It no longer costs taxpayers $23,000 a year to house, feed, and incarcerate Eddie McNeil. Instead, he pays taxes. His wife, Connie, does not need welfare support—as do many women who divorce their imprisoned husbands. No, she is happily married to Eddie. Eddie's children, rather than becoming embittered and engaging in high-risk behavior or becoming foster children, are instead reconciled to their dad and doing well in school.
This barely describes some of the benefits the state of Texas has reaped by working with the InnerChange Freedom Initiative®, or IFI. Launched 10 years ago by Prison Fellowship, IFI is an intensive faith-based program that has been shown to dramatically reduce recidivism among those who participate.
And it was IFI that teamed up with Prison Fellowship's Angel Tree® program to help heal and unite a family brought to its knees by crime and incarceration.
Years ago, Eddie had made a mess of his business. He ended up in prison with a three-year sentence. During this time, his family nearly unraveled. Financial losses mounted as Eddie, the family bread-winner, sat behind bars. Connie's cancer returned. She lost her job and home.
Connie and the children were on the verge of living on the street. Then Eddie signed his kids up to receive Christmas gifts through Angel Tree—gifts bought and delivered by church volunteers. To Connie, "it was a signal in the darkness that Eddie still loved her" and the kids.
And Eddie, after three years of searching for God, transferred to the IFI program to prepare for his eventual release—a daunting task for any prisoner. Intensive life-skills instruction, counseling, work assignments, and mentoring laid the groundwork for Eddie's return to freedom. But while Eddie was pulling his life together, Connie's was disintegrating. She wanted a divorce.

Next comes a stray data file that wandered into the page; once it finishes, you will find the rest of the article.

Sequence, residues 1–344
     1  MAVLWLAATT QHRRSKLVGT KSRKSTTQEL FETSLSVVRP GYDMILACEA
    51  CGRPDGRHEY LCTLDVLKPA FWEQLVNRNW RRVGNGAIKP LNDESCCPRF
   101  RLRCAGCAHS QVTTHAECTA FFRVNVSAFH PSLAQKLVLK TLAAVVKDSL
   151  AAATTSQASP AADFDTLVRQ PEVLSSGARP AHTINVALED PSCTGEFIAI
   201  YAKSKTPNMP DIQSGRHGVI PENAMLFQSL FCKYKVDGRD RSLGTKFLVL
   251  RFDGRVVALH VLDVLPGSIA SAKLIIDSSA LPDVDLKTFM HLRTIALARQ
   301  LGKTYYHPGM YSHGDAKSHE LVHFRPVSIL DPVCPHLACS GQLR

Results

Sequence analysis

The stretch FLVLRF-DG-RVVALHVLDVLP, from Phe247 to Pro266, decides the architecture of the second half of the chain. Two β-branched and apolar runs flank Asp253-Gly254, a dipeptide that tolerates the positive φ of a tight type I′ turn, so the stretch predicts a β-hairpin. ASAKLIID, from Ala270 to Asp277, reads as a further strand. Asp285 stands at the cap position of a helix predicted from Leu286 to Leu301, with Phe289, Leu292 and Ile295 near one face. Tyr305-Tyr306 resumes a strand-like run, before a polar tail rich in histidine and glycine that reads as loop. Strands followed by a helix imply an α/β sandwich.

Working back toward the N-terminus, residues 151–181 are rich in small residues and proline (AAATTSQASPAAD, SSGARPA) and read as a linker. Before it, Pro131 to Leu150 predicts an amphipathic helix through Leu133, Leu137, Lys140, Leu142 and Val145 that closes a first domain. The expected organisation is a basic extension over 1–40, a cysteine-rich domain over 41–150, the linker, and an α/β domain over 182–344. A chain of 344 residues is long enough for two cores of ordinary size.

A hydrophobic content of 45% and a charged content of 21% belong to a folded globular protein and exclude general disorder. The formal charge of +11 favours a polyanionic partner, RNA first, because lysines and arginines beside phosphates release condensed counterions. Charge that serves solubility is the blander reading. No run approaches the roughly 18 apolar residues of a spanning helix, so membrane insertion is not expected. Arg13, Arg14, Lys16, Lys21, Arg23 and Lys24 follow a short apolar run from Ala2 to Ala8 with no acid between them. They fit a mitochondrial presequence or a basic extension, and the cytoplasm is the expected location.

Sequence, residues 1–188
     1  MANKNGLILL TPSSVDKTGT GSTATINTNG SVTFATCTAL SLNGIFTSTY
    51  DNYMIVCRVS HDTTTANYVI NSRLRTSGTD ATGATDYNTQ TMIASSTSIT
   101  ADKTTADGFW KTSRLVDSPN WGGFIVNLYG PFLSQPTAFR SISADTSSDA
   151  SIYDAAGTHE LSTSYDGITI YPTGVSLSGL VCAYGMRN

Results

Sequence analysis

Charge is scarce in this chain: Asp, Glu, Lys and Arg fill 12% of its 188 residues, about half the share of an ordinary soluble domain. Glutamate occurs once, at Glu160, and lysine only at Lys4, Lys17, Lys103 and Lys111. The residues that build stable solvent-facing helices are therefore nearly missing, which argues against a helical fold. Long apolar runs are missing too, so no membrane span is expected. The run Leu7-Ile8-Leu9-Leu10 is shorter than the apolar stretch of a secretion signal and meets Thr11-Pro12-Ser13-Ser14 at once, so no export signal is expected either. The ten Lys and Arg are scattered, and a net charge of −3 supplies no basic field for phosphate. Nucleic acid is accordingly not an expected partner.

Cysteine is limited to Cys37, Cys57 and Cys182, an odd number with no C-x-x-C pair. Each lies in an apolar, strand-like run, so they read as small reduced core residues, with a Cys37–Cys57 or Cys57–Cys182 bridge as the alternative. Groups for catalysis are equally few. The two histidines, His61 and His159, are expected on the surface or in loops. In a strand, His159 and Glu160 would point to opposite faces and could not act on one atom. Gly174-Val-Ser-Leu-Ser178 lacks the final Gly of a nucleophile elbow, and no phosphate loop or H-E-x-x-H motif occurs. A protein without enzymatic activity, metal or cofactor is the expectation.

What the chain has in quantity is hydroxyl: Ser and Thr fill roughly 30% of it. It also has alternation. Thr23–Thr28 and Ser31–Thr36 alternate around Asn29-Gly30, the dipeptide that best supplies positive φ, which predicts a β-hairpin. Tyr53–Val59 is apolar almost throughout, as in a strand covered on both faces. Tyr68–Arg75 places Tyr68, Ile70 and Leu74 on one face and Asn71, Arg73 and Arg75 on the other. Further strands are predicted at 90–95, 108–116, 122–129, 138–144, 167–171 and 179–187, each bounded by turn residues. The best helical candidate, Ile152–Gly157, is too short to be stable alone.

But Prison Fellowship volunteer Tony Menchu stepped into the breach. He began taking Connie and the kids to his church. Then an IFI counselor found Rob and Sarah Woodward, who opened their home to Connie and the kids for seven months—until the church helped them into a home of their own.
Eddie completed the IFI program and walked into freedom and into the arms of his family with the guidance of a mentor—with whom he continues to meet with to this day; and he has been out of prison for three years.
This week, Chuck Colson and I have talked about many urgently needed criminal justice reforms. But no program, no reform, can match the transforming power of Jesus. Eddie's story is a perfect example.
There is no doubting it. Christians—motivated by the love of Jesus—can have an enormous, an eternal impact on the lives of prisoners and their families.
Thanks for reading The Christian Post this week. I hope we have given you some fresh ideas about how we can address the crisis in America's prisons.
Is God calling you to be a force for good? Either in the life of a prisoner, a prisoner's child, or as an advocate for biblically based justice reforms? Visit our websites, prisonfellowship.org and justicefellowship.org to see how, with God, you can make a difference.
This commentary is part four in a four-part series. It first aired on April 3, 2008.